China Environmental News Digest

Daily updated Environmental news related to China

Sunday, June 28, 2009

How Confucianism could curb global warming

China openly debates the role of Eastern thought in sustainability.

from the June 26, 2009 Via CSMonitor.com

Now here's a curveball to secular Western policy experts: China's intellectuals are openly debating the role of Confucianism, Buddhism, and Taoism in promoting the Communist Party's vision of a harmonious society and ecologically sustainable economic development.

Nowhere is the question of what to do about the environment more vital than in China, the world's largest emitter of greenhouse gases – especially because scientists agree that climate change disproportionately affects the poor and the disenfranchised and that climate change will affect future generations far more than the present.

Yet the general impression of China's role in issues relating to environment is one of foot-dragging because it hasn't bought into a Western model to address it.

But Pan Yue, China's vice minister for environmental protection, is calling for China to capitalize on traditional Chinese religions in promoting ecological sustainability.

He says, "One of the core principles of traditional Chinese culture is that of harmony between humans and nature. Different philosophies all emphasize the political wisdom of a balanced environment. Whether it is the Confucian idea of humans and nature becoming one, the Taoist view of the Tao reflecting nature, or the Buddhist belief that all living things are equal, Chinese philosophy has helped our culture to survive for thousands of years. It can be a powerful weapon in preventing an environmental crisis and building a harmonious society."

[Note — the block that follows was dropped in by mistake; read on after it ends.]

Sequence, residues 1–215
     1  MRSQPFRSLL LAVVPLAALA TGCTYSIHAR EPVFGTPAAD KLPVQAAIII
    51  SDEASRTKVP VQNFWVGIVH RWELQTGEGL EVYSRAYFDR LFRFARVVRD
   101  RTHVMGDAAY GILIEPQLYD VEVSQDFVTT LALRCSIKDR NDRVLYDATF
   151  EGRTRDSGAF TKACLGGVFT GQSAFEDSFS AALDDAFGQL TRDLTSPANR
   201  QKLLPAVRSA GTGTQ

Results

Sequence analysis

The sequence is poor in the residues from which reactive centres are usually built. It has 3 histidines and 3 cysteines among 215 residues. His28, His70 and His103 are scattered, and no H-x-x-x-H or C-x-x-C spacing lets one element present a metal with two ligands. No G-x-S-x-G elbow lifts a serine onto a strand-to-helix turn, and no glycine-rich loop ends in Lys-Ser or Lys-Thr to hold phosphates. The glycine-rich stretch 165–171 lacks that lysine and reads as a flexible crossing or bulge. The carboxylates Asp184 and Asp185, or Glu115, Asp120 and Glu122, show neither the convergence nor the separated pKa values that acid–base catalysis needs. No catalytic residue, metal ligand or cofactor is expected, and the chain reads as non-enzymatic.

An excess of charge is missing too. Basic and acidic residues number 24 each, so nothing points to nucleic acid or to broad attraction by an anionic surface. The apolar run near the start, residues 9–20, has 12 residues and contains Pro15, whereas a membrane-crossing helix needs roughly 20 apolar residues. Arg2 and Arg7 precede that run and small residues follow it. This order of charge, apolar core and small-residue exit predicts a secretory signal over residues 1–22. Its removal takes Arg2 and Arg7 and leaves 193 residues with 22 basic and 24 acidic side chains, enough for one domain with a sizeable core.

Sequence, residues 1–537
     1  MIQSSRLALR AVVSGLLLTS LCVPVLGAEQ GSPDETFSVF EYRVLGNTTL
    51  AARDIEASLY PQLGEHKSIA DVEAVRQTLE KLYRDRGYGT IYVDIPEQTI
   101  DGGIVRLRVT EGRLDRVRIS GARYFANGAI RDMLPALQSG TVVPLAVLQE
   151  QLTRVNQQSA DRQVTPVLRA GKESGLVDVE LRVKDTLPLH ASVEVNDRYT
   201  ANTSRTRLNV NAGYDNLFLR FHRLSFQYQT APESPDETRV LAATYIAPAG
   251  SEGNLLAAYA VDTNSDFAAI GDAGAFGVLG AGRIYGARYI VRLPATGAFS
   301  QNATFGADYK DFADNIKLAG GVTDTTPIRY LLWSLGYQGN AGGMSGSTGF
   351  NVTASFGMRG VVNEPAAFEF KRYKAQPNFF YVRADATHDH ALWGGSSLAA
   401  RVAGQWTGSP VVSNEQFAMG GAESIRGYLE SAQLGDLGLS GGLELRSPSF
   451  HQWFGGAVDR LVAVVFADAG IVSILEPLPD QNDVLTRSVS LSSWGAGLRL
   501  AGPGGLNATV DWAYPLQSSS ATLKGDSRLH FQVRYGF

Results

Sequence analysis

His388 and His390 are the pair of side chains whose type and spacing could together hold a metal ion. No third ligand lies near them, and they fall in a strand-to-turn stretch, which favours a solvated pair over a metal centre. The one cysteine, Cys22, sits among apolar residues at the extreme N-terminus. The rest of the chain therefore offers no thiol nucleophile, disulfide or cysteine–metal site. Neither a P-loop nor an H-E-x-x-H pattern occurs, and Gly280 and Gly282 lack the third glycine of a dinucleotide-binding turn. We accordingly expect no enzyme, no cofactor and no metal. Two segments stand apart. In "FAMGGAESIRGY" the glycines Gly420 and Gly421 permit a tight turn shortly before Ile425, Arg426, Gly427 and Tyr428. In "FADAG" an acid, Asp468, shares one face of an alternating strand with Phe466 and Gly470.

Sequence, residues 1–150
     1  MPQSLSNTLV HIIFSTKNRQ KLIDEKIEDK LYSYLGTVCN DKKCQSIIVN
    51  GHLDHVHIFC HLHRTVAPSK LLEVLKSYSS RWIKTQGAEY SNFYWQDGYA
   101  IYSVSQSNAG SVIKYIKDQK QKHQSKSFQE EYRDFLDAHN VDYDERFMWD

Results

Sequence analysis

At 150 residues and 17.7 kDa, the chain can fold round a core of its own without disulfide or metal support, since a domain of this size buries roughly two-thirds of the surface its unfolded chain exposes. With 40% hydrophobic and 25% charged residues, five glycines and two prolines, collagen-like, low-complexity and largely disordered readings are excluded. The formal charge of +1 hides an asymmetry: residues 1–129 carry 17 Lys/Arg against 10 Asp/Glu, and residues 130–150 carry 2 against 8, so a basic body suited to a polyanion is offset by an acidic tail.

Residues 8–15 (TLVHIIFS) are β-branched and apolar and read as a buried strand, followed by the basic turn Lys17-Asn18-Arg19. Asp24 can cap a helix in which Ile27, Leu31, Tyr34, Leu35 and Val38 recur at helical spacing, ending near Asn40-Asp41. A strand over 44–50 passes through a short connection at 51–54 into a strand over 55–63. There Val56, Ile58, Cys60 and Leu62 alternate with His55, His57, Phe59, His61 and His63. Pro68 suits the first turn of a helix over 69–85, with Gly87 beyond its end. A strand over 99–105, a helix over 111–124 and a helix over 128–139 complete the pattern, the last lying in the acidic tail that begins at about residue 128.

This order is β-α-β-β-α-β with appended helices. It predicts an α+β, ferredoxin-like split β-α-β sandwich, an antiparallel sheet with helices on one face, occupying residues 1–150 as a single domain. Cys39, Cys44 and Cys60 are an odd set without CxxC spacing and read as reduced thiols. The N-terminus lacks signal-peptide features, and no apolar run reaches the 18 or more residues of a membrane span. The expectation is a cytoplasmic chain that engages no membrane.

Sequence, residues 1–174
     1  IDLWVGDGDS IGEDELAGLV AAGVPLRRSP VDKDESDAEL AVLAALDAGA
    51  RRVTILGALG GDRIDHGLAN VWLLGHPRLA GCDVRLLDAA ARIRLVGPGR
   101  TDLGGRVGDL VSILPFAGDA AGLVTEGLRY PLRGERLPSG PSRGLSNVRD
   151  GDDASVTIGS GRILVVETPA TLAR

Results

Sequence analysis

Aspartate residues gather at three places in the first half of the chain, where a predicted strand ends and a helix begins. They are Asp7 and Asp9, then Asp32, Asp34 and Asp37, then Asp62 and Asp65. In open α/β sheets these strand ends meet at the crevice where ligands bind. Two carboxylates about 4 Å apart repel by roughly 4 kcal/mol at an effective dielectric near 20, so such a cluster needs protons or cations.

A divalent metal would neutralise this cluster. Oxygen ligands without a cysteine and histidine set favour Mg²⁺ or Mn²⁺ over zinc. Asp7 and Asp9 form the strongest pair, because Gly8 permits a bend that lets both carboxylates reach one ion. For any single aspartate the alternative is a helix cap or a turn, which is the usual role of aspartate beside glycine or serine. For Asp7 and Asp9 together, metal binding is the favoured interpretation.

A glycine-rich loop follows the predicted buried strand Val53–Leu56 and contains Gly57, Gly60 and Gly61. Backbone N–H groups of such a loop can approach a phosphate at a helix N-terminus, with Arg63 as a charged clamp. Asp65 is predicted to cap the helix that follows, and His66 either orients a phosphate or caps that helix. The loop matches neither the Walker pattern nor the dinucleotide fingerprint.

And this just might work.

As The New York Times recently reported, China is in the midst of a transformation to cleaner forms of energy.

Although much of China's energy needs are still met by inefficient, coal-fired power stations with poor track records in terms of emissions, China has begun to invest heavily in cleaner coal technology in an effort to improve efficiency and reduce emissions.

Because of this, the International Energy Agency reduced its estimate of the increase in Chinese emissions of global warming gases from 3.2 percent to 3 percent even as the same agency raised its estimate of China's economic growth. China is managing to increase its economic output at a greater rate than its emissions.

This is good news for everyone.

But buried innocuously in the middle of this report was the startlingly frank statement of Cao Peixi, president of the China Huaneng group, China's largest state-owned electric company.

When asked about his company's decision to invest in more expensive but cleaner technology he replied: "We shouldn't look at this project from a purely financial perspective. It represents the future."

The $64,000 question facing economists and politicians across the world is how to make decisions that take into account the big picture beyond the "purely financial perspective."